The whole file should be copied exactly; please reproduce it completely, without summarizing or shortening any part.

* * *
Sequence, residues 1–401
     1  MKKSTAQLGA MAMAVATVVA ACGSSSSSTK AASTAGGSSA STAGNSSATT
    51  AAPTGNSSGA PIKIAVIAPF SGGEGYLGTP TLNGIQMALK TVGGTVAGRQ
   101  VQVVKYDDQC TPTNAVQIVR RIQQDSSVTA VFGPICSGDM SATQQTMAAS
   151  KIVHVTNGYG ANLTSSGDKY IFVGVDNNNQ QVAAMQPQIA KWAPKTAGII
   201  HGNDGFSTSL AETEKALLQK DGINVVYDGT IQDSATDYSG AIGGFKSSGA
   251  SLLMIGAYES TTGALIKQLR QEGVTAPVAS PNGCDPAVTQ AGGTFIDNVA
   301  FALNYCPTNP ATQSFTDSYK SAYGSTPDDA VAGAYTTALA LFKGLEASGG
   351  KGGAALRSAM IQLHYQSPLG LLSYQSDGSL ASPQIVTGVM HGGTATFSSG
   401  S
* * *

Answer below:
Sequence, residues 1–401
     1  MKKSTAQLGA MAMAVATVVA ACGSSSSSTK AASTAGGSSA STAGNSSATT
    51  AAPTGNSSGA PIKIAVIAPF SGGEGYLGTP TLNGIQMALK TVGGTVAGRQ
   101  VQVVKYDDQC TPTNAVQIVR RIQQDSSVTA VFGPICSGDM SATQQTMAAS
   151  KIVHVTNGYG ANLTSSGDKY IFVGVDNNNQ QVAAMQPQIA KWAPKTAGII
   201  HGNDGFSTSL AETEKALLQK DGINVVYDGT IQDSATDYSG AIGGFKSSGA
   251  SLLMIGAYES TTGALIKQLR QEGVTAPVAS PNGCDPAVTQ AGGTFIDNVA
   301  FALNYCPTNP ATQSFTDSYK SAYGSTPDDA VAGAYTTALA LFKGLEASGG
   351  KGGAALRSAM IQLHYQSPLG LLSYQSDGSL ASPQIVTGVM HGGTATFSSG
   401  S